Continuing to draw comparisons with the Tesla Model Y, the massive tablet-style touchscreen in the 2021 Ford Mustang Mach-E can be easily be critiqued for aping the Tesla, but the truth is that it's a far more complete system when looking at what's coming out of Fremont these days.
The one swing-and-miss here in our opinion was the naming of the driving modes. When's the last time you've heard anybody use the word "Unbridled?" Or use "Engage" to describe a default setting? And how will Ford dealers hope to communicate these modes with customers who are wondering why the company couldn't settle on something simpler? At least the graphics look nice. This is in no small thanks to the new electrical architecture in the Ford Mustang Mach-E, which allows for crispy camera resolutions, sharp visuals, and OTA updates.
However, there's far more worth mentioning than graphics and cameras; and that's Ford Co-Pilot360 Active Drive Assist system.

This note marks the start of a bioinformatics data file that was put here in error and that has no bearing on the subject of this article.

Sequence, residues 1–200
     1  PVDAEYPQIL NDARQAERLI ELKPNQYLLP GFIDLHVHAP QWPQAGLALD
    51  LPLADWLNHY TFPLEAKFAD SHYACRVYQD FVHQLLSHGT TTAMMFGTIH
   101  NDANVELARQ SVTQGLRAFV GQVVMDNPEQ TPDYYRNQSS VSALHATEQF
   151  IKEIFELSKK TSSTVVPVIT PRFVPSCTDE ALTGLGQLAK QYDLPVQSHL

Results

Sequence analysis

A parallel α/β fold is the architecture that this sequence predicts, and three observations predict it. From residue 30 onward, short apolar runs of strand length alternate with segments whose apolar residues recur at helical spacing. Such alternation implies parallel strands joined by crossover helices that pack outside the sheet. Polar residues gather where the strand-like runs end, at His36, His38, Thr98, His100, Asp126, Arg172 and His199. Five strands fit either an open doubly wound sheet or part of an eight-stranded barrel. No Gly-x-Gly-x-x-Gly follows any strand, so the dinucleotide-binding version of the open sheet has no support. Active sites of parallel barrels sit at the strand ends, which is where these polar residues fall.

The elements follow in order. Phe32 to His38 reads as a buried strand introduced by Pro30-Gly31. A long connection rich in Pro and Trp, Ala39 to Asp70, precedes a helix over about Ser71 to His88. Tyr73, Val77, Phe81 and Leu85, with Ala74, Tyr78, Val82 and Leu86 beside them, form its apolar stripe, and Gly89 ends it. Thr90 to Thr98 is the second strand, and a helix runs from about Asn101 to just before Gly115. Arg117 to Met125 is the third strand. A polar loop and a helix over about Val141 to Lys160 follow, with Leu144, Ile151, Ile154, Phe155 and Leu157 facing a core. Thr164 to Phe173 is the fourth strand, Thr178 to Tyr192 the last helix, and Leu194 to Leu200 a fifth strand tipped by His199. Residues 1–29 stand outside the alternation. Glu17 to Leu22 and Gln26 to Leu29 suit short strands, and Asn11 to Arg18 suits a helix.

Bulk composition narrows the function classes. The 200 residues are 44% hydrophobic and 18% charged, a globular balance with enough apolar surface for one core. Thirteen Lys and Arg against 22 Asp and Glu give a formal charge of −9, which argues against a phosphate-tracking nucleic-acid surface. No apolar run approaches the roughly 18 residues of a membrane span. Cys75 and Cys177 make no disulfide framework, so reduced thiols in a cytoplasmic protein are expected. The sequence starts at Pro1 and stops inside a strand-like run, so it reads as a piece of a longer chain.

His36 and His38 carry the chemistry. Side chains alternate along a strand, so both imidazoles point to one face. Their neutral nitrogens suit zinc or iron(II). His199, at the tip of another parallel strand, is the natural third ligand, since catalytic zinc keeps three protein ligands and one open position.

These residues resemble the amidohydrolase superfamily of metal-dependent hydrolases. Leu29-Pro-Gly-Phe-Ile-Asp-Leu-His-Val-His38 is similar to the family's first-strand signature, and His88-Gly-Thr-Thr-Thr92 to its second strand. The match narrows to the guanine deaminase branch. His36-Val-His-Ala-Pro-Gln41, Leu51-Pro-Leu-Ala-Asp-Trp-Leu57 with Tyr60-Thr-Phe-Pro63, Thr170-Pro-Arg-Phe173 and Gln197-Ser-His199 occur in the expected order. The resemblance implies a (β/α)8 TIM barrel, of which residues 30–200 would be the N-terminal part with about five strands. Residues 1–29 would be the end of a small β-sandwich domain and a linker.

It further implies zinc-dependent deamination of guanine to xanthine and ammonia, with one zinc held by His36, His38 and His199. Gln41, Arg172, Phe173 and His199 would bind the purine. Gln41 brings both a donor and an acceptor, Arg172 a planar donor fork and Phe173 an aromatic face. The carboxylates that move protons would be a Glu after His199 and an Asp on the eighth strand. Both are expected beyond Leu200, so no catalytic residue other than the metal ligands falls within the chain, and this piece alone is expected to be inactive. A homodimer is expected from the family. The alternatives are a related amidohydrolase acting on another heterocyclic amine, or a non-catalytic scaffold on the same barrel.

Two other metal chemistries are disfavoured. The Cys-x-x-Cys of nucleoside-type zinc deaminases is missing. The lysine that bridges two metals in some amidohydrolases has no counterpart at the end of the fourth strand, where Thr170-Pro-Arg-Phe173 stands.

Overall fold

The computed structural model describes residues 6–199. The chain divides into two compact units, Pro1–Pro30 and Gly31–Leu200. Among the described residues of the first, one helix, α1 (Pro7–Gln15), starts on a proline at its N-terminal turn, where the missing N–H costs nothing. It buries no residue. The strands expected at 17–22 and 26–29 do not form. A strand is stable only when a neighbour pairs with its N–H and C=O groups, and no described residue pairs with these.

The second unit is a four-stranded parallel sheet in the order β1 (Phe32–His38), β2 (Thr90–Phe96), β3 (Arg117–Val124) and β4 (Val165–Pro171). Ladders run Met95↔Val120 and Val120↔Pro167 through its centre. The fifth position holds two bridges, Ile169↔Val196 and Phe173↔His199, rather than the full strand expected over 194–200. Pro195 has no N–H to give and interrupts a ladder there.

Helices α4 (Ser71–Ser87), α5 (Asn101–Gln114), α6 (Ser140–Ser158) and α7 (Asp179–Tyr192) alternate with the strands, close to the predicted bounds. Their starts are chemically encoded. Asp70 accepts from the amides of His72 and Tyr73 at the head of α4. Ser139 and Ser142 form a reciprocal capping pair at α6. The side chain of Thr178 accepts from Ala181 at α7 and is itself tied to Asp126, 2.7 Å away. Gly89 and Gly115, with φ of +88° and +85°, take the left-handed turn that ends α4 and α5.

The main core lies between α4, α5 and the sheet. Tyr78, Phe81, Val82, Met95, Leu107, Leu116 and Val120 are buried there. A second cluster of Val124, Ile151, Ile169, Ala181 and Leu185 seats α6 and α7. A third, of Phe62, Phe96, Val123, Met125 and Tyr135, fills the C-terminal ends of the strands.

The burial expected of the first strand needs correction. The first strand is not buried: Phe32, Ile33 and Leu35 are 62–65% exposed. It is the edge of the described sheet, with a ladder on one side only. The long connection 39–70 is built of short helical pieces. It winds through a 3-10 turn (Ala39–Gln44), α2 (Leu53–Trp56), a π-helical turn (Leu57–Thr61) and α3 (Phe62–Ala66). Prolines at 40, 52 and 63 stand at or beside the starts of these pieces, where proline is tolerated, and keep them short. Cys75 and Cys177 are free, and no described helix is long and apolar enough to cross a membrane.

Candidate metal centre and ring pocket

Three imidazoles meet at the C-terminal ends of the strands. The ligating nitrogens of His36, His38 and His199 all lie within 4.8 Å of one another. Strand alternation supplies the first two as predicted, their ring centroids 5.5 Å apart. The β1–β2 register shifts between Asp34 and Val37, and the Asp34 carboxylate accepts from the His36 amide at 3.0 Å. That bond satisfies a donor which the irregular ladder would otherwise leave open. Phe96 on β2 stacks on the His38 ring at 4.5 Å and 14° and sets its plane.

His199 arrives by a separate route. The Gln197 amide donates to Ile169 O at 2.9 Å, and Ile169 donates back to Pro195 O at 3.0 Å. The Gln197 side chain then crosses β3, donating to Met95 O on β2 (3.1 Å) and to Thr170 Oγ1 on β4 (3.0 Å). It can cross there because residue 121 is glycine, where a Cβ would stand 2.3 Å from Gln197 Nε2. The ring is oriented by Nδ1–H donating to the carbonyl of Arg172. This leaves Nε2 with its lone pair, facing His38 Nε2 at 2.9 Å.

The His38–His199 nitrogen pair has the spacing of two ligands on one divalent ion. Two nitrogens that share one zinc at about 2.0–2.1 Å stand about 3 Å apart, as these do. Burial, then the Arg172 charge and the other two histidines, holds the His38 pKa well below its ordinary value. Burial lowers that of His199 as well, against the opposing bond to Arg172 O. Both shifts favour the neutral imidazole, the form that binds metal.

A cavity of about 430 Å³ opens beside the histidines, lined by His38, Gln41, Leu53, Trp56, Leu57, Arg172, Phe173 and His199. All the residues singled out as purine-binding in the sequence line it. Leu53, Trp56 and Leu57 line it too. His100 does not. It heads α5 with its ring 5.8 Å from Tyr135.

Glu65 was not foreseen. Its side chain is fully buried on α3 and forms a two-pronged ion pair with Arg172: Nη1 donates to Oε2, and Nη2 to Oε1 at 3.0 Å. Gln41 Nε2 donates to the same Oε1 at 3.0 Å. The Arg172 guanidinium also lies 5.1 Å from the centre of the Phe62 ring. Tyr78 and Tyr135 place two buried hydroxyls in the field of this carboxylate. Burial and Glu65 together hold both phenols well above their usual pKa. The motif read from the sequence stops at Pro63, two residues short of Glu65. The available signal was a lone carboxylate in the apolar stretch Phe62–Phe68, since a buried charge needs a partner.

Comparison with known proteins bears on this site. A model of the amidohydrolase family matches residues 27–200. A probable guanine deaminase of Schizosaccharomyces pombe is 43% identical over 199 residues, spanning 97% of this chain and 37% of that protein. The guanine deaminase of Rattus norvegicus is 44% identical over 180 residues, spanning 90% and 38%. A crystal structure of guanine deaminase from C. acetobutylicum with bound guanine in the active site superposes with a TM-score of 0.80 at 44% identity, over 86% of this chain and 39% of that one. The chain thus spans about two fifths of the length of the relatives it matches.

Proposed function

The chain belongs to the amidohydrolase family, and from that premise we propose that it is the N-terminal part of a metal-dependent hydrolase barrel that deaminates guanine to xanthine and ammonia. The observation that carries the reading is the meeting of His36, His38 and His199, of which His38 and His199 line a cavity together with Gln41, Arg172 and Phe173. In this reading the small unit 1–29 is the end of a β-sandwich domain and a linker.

Ford's answer to Cadillac Super Cruise and Tesla Autopilot rolls out hands-free driving capabilities on a network of 100,000 miles of highways, not just in 50 US states, but Canada as well. The catch to this is that, while other Ford models like the F-150 will also boast this functionality, the tech isn't usable yet, and will only become available in the third quarter of 2021. That's where the new electrical architecture and OTA updates will be most handy, as a simple update will enable the suite's full functionality, a complimentary feature on California Route 1, Premium, and First Edition variants.